Tuesday, September 16, 2014

Being a chick really sucks sometimes

I don't live in a country where I am considered property or a transaction. I work in a field where my options are limited due to my gender, but I still have more opportunities than millions of women all around the world. Even in these great circumstances though, it still sucks to be a woman. Today an acquaintance called me sexy,no one else was around, it was not a good friend, not my husband, just someone I see from time to time, and it creeped me out. It came with a hug, that involved a hand partially on my butt too, and it left me feeling bad for being creeped out by it.

This is something most women can identify with, and I have been struggling with for a long time. As a young girl I looked anything but young. I was five feet ten inches in middle school with curves in all the right place, as Meghan Trainor says, after I grew out of my skinny twig phase. This made me appear much older and more available to guys. So I dealt with a lot of comments, got groped on the school bus by adolescent boys and even dealt with more than a few dirty old men at church. There were comments about how I was built like a brick sh#t house, how I was sexy, how developed I was, there were hugs that lasted a long time. I was objectified often and so I started thinking of myself that way. There was an older boyfriend who asked a much too young girl if she was ready, and I didn't have the sense or understanding that my body didn't need to be that objectified sexual thing, so I didn't say no. Thankfully, my experiences were tame, I wasn't raped (I did consent), I wasn't molested, but these things were uncomfortable and they weren't things I felt like I could or should speak out about. All of these experiences formed me into this person that had a lot of my identity tied into being that sex object. Later, I learned a lot about who I was and where my value was and thankfully things did not get out of control, I have great parents, a faith that is not shame based and met good guys, so I was able to shed most of that, but not all.

It was hard and still is at 36 to understand what is and is not okay when it comes to comments from guys, and sometimes even the way they touch. Is that hug, where your hand is probably technically not on my back, and a bit on my butt, just a fluke, or an intentional inappropriate touch. Is telling me I am sexy, just your old man unfiltered inappropriateness, or is it really not okay?

You are probably reading this going, "Duh Heather, that's not okay!" But my brain doesn't do that. My brain says that grope on the bus in junior high was not great, but it wasn't that big a deal, and it didn't happen again. And that older boyfriend, that was my fault because even as a fourteen year old, I still should have just said no. These things just happen right? The one that really gets me, really makes me uncomfortable, and feel bad is the older guys. They are sweet and nice, and these comments are only a small part of what they say, right? And their hands slip right? They are just from a different generation, and they don't mean any harm when they say I am sexy. I don't want to hurt their feelings and tell them it makes me feel uncomfortable.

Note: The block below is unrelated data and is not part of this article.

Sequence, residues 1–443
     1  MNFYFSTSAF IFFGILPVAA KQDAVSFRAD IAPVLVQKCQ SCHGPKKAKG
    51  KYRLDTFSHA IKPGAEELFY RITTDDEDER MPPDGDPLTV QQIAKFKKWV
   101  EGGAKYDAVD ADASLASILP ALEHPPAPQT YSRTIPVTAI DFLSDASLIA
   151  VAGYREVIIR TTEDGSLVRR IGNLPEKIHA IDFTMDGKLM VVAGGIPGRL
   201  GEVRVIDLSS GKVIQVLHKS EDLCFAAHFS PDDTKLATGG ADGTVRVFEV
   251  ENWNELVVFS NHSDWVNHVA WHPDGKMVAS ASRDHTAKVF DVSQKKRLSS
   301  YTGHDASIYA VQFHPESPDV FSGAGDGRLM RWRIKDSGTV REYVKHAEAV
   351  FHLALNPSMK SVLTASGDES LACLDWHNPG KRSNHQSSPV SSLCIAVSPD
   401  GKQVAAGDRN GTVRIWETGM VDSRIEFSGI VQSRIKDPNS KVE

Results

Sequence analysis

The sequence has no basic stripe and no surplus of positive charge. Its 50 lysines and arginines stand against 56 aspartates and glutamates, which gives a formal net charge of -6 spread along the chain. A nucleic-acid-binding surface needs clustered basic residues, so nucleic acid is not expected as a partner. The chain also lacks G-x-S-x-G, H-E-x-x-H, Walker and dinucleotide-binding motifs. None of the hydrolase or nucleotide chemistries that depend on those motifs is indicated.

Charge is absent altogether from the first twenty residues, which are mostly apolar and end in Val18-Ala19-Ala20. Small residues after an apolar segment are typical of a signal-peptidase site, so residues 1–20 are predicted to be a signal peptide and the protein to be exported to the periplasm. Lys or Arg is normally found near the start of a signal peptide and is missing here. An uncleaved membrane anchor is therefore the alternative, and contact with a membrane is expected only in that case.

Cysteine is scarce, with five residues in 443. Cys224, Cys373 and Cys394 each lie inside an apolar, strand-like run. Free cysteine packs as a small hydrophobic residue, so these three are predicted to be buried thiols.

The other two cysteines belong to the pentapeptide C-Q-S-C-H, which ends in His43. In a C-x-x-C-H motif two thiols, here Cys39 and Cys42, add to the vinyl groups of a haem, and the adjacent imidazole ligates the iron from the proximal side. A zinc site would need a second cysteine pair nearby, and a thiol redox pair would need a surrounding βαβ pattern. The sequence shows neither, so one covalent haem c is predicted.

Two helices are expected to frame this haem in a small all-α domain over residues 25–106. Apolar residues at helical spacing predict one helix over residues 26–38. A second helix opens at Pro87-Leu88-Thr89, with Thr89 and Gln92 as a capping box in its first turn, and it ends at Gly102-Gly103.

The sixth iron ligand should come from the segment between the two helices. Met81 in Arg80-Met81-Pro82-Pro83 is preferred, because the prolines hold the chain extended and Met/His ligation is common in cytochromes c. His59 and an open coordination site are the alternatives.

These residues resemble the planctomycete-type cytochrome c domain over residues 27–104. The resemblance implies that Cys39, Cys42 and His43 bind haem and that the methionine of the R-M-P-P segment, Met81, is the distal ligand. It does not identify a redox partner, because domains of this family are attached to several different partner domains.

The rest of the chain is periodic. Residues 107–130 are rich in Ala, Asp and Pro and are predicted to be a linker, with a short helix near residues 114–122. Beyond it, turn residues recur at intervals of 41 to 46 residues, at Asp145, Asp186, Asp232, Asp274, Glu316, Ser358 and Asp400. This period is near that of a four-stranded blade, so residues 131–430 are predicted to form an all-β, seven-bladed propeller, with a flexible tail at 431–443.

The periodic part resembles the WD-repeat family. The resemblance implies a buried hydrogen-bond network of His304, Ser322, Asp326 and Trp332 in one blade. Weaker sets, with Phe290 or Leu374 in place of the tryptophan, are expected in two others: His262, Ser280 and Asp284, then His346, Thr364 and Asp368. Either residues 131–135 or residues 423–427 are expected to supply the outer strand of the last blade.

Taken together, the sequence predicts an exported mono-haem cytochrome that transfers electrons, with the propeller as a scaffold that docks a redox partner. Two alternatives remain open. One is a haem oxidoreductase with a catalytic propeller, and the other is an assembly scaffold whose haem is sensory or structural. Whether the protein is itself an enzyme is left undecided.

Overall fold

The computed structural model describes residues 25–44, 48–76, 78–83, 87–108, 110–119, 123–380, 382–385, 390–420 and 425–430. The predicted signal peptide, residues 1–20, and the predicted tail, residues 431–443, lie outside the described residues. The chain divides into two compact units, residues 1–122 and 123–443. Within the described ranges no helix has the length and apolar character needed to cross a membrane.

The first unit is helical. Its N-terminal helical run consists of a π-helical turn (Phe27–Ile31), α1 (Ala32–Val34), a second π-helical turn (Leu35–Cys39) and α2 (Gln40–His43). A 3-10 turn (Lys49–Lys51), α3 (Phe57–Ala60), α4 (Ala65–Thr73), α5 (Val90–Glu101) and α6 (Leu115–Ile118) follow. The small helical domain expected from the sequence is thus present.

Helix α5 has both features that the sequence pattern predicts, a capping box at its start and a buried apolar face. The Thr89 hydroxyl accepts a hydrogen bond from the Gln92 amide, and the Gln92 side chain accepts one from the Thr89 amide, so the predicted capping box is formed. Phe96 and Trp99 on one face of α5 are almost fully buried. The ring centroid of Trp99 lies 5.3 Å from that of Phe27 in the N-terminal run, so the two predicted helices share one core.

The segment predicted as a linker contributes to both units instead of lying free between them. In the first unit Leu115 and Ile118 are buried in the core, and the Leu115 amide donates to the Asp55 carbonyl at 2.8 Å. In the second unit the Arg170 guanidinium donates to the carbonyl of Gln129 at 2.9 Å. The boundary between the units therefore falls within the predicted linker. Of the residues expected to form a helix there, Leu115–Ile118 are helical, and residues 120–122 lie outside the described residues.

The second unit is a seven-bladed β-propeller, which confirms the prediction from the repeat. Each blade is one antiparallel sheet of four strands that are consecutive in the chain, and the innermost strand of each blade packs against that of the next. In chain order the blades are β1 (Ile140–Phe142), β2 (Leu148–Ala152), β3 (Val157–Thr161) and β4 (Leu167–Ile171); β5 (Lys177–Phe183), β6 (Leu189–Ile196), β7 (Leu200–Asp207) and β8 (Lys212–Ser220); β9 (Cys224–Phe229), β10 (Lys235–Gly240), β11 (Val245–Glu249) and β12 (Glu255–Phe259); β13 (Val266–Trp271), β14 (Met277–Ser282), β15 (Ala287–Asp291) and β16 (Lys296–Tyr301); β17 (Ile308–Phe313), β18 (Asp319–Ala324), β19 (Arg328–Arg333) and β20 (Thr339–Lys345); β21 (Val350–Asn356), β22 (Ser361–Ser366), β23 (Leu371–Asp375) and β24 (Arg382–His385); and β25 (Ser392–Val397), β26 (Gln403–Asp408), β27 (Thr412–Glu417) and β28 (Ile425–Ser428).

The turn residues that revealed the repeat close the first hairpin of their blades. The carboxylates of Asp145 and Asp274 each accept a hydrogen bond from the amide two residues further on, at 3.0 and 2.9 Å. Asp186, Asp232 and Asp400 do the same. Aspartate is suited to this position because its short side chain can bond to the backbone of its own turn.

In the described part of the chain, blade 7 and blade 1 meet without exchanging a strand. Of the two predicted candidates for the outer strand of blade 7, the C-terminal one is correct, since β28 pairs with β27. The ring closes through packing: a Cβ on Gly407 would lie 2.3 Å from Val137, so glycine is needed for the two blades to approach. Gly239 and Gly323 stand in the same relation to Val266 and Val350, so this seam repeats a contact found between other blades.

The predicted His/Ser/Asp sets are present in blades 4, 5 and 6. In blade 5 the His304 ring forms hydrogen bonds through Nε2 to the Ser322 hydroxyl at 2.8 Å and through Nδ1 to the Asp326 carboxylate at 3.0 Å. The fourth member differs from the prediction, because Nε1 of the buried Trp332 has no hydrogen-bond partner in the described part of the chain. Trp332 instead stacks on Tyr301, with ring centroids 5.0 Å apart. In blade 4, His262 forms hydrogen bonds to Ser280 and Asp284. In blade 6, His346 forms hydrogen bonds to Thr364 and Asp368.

But then my brain says what if it happened to one of my girls, my students, or as someone pointed out, my daughter. Would it be okay? Then my brain says hell no! I would want them to be able to say, hey, that's not okay, and not make excuses. I would want them to have a voice, and feel totally okay using that voice and not worry about hurting someone's feelings.

I don't want my daughter to grow up thinking it's okay for guys that she is not in a relationship with to tell her she is sexy and she has to just accept that. Sexy isn't an okay compliment. Even if it's tossed around in the media and silkscreened on t-shirts. It is a loaded word. I don't want her to feel like someone touching her and it making her uncomfortable can just be swept under the rug. I want her to have the power to say no, to feel like her body is not a sex object and her value is not in any way tied to her sexual attractiveness.

So I am writing an email, I am letting one "sweet" older man aquaintance, know that he cannot call me sexy anymore. It is hard, and I worry about hurting his feelings, but I am not going to let my feelings be messed with just because I have boobs and a butt. If it makes me uncomfortable I can say that.

If I can't stand up in these smaller situations, how can I expect girls to stand up to the big ones?

Why, why is it still like this? Why do we as women have to deal with cat calls and inappropriate comments and just take them as "compliments"? Why do guys feel like they can do that? And why do we feel guilty when we call them on it? It's so messed up.

Why do I have to worry about what I wear and how it affects men? They don't have to worry about me. Why is it still hard to get equal pay as a woman? Why can't I preach or lead in everyone's church? Why does my anatomy define my role in society and the way it can treat me?

We may have it better than most women around the world, but ladies, it still sucks sometimes to be a lady.

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